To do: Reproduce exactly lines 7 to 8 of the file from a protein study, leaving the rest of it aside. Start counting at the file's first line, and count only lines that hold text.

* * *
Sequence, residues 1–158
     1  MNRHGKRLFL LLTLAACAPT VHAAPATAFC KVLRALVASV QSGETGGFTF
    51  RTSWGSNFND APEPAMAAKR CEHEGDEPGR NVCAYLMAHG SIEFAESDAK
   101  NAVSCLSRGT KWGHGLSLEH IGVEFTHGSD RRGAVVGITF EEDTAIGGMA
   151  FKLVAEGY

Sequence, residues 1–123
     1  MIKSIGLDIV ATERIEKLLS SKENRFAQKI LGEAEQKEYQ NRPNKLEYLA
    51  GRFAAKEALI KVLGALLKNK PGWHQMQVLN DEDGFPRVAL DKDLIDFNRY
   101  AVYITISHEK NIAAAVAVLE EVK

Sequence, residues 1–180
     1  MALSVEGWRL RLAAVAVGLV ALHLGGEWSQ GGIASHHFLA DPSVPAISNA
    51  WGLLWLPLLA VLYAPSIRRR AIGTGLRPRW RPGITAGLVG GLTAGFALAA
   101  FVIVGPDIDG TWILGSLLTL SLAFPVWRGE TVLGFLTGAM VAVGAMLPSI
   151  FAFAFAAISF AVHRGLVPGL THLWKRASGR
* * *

     1  MIKSIGLDIV ATERIEKLLS SKENRFAQKI LGEAEQKEYQ NRPNKLEYLA
    51  GRFAAKEALI KVLGALLKNK PGWHQMQVLN DEDGFPRVAL DKDLIDFNRY